$46 Billion Spent in Iraq Since 2003: Where’s the Austerity in That?

It’s been eight years since the invasion of Iraq in March 2003. Every once in a while, Americans will be blessed with a glimpse or two of journalism (like the surprising article by the USA Today that I will link to later). Eight years and how many Americans know what is really going on over there? Eight years and we still don’t have a progress report. I don’t know about you, but when the government decides to “forget” to tell the public that funds the war the ins and outs of one of the most influential wars in our lives, I ask questions. That would be like a Fortune 500 employee doing side deals with a third party, but forgetting to tell the CEO what she did.

Doesn’t anyone else find it suspicious that when the people of the United States ask for spending and jobs at home, we’re told we have to cut back, spend wisely and adopt more frugal lifestyles while Wall Street continues to get tax cuts and rake in record bonuses? Does anyone find it unsettling that when it comes to one of the most important wars in our lifetimes, we’re told to not ask too many questions? When we ask about that war, our patriotism then comes in question and our characters are assassinated. We’re labeled as radicals (and possibly placed on a watch list). Finally, does anyone find it disturbing that when it comes to spending in Iraq—to rebuild a country that we had a dominant role in destroying, not to mention a war that was started based on purposeful and carefully thought-out governmental misinformation—we seem to always have the money available?

Whatever, I’m sure you’re thinking I’m a hippie from the 70s who doesn’t want any war. I could be that. You’re also thinking, “Come on, dude. You have to be pragmatist when it comes to politics.” So I have to be an obedient, government pawn you mean? Let me rebut by asking when will enough be enough? How many more risky wars will we engage in before we say we’ve had enough of our government treating us like second-class citizens? I’m sure a couple more wars will be necessary though. North Korea, Iraq and Saudi Arabia are still there. I’m down if you are.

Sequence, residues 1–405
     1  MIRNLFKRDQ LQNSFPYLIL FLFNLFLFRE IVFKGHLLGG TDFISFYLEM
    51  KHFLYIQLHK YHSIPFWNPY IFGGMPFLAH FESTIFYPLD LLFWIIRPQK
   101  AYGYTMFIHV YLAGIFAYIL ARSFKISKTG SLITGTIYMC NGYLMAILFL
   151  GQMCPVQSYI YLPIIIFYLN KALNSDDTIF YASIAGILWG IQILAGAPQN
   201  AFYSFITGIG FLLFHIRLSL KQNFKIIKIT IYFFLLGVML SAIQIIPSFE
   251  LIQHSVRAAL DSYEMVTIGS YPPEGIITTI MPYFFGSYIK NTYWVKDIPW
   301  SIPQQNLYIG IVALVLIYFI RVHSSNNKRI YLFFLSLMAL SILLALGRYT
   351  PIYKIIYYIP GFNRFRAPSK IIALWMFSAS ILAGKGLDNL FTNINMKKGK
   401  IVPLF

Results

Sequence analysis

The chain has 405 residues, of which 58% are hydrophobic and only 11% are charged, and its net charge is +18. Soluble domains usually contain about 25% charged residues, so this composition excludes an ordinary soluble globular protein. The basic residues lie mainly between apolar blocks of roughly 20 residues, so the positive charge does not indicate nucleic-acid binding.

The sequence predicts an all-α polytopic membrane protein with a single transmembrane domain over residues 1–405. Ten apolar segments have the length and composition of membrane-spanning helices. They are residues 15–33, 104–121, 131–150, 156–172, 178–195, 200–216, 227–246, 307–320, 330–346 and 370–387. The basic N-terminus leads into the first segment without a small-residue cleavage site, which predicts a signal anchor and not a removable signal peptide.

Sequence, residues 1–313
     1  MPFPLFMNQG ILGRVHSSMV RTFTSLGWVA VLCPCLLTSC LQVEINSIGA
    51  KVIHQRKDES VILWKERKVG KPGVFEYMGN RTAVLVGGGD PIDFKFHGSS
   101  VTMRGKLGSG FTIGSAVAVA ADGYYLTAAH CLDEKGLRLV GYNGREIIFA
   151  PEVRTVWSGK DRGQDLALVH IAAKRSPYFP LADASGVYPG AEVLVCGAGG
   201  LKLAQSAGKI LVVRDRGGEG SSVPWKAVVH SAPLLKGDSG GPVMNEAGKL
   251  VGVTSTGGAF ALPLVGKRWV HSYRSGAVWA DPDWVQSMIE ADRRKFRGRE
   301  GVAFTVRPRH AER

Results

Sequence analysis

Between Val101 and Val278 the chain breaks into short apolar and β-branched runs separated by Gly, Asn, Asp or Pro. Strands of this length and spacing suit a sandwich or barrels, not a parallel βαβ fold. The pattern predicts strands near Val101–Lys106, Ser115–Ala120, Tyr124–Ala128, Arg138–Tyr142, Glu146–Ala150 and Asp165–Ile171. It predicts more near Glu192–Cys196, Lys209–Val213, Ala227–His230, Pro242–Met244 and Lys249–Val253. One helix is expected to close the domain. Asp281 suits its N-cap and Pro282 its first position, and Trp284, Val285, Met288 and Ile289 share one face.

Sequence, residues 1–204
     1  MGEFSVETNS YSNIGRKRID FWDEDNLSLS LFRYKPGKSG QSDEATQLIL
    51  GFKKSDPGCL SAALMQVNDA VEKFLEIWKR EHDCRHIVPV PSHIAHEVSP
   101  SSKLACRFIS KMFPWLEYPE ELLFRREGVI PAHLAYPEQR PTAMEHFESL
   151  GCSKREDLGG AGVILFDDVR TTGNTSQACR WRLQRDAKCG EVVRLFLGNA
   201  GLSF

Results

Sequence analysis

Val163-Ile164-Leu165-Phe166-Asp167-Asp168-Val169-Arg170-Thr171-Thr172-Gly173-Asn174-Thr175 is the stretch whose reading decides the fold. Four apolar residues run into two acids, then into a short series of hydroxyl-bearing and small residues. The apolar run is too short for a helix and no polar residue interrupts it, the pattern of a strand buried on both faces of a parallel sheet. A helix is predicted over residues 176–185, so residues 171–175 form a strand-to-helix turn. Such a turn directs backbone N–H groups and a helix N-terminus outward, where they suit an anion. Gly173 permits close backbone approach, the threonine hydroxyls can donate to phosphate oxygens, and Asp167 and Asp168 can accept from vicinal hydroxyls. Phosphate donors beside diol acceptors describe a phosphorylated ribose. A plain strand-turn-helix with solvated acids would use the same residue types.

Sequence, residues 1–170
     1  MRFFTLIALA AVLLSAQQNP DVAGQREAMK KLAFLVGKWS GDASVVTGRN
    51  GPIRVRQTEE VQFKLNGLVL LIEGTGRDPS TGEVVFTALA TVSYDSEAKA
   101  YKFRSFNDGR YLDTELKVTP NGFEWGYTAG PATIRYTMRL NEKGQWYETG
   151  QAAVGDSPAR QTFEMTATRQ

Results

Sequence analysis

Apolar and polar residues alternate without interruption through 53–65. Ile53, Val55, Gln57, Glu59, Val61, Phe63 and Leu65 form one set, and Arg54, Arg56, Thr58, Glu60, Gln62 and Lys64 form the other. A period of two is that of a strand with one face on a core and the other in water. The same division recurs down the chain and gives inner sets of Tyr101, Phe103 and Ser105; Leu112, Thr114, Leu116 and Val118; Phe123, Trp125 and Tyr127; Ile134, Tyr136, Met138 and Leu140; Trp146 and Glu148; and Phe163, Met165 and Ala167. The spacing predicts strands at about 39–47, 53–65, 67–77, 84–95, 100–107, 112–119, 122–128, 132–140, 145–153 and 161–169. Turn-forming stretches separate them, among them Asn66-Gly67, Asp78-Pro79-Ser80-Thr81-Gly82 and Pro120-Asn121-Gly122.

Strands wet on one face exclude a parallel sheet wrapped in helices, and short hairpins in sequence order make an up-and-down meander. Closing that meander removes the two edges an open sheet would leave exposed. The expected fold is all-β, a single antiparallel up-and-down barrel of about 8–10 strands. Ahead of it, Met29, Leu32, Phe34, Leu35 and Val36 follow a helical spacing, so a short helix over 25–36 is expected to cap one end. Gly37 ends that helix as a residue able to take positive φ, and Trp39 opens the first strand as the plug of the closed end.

So let me get this straight, our Congress tells the people they represent that when it comes to disaster and emergency relief for US Citizens, we have to offset the funds and cut from programs immediately or else we won’t get the relief we need? Is there anything more cheap, deceitful, sociopathic and cruel than extorting someone when they’ve lost everything? So when our lives have been destroyed by nature, the very system that would not exist without taxing our paychecks tells us: “Hold on and wait while we cut your programs and services. We have to find enough money to make up for the help you keeping asking us for.” Serves us right. Those pesky Americans asking for disaster relief… What a socialist and pathetic bunch of leeches. Can’t they do these things on their own like real mavericks?

America spends all this time overseas playing the world’s protector and savior, but when it comes to its own citizens, we’re last on the totem pole (let’s not even talk about how little attention minorities, women, the young & old and the handicapped get).

According to the Obama administration (it should be noted that sometimes these guys don’t tell the truth…) they will decrease the troops in Iraq from about 46,000 current troops to 3,000 by the end of this year. But don’t get too excited because we have made $53 billion available for spending in a country that we’ve bombed and pillaged. As of last year, we’ve spent $44.6 billion of those available funds. And the Libyan War will cost American taxpayers at least $896 million, but don’t hold your breathe waiting for the Tea Party to fight the government over discretionary spending. I thought we were working on pulling out of there by 2011? It’s just another joke on the American people, our heroes and the citizens of the countries around the world. Who knows who’s next.

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